I’m from the Class of 66. We had three coaches and the worst season ever at Notre Dame….and we also had the national championship our senior year. So that’s the foundation for what I am about to say. If a coach can’t control his own emotions then he is a totally ineffective coach….Kelly says he has to watch his swearing because he’s on camera more. Wrong answer! Kelly is totally in effective….you don’t make kids do what you want….you teach them and screaming and swearing at them doesn’t work today. Kelly’s arrogance is disgusting! He alone is responsible for great team playing like chumps. And I don’t fault Kelly……it’s time the Notre Dame administration gets a grip on reality and hires someone for all the right reasons beside a win/loss record. The record will take care of itself if you hire the right person. I can’t believe the admin hasn’t learned anything from their past stupidity. You can believe in the kids all you want, but the same result will always be there as long as Kelly and coaches like him are there. His play calling on third down in the fourth quarter was beyond any comprehension. Now please….someone tell me where I am wrong!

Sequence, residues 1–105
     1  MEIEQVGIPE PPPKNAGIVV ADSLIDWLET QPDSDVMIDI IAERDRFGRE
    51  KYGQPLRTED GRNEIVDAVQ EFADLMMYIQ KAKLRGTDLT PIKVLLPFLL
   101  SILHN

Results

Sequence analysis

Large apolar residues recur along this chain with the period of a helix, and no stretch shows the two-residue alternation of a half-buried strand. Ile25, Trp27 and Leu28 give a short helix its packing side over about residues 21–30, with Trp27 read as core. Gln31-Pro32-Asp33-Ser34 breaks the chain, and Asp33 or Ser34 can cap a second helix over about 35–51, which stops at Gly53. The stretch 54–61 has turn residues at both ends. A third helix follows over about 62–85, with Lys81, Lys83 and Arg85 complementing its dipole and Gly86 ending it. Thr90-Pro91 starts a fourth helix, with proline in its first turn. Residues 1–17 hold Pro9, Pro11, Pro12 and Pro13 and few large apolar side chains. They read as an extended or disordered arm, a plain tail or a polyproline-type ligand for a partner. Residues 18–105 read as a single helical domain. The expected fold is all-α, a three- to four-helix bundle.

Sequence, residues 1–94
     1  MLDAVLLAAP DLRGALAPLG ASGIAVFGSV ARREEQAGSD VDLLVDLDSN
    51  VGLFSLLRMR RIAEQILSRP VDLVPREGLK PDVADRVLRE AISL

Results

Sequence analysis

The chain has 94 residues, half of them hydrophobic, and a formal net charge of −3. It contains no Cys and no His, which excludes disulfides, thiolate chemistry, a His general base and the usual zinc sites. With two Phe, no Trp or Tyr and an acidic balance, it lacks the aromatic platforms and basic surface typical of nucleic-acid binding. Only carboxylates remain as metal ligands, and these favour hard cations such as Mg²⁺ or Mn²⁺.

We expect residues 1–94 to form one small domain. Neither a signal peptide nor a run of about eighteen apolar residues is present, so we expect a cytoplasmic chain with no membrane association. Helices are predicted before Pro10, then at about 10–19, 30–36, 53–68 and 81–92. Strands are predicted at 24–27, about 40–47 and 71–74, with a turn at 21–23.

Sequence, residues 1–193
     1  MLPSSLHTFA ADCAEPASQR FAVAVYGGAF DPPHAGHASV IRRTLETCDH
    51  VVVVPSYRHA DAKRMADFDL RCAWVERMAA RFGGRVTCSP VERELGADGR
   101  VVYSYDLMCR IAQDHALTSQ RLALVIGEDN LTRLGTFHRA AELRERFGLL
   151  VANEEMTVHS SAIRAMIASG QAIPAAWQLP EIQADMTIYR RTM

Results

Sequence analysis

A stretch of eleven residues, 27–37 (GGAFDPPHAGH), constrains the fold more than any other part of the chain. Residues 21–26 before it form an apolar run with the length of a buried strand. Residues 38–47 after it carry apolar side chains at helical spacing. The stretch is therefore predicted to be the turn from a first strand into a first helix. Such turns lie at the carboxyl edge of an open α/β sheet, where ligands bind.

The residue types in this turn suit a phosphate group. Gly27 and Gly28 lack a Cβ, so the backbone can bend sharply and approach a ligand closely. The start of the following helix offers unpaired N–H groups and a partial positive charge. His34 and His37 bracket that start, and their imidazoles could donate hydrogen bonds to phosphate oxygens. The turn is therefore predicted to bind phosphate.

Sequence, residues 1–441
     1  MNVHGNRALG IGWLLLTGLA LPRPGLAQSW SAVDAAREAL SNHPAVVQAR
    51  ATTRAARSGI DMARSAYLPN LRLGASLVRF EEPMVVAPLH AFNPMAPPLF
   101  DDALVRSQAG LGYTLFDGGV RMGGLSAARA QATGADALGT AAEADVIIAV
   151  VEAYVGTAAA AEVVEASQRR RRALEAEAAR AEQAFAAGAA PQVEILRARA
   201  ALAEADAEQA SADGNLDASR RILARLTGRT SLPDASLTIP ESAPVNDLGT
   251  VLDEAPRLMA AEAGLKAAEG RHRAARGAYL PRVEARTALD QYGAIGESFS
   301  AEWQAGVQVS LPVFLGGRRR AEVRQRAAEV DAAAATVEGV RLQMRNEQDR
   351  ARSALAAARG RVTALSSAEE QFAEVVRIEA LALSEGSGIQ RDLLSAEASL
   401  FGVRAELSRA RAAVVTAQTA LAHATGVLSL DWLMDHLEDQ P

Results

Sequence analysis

7. dickasman - Sep 12, 2011 at 12:29 PM

    This is how SMART our coach is guys.

    Q. Brian, I wondered if you could kind of assess where you feel you are with the punt returns and the punting right now.

    COACH KELLY: Well, obviously there’s inconsistency in both. Starting with Ben (Turk), he’s got to get us out of a jam. He doesn’t have to kick them 50 yards, but we can’t have short fields in the punt game. So he just simply has to be more consistent. He hasn’t been consistent this year.

    (John) Goodman fields the ball very well. A couple scenarios occurred out there that show a little bit of inexperience in fielding the ball. He’s just got to get north and south.

    We had a safe punt, and that generally means in most circumstances when you’re in a safe punt that you’re fair catching the ball because we don’t have a punt return team on the field. We leave our defense on the field.

    Having said that, there was so much separation, he’s got to use some judgment and field that ball and get us some more yardage.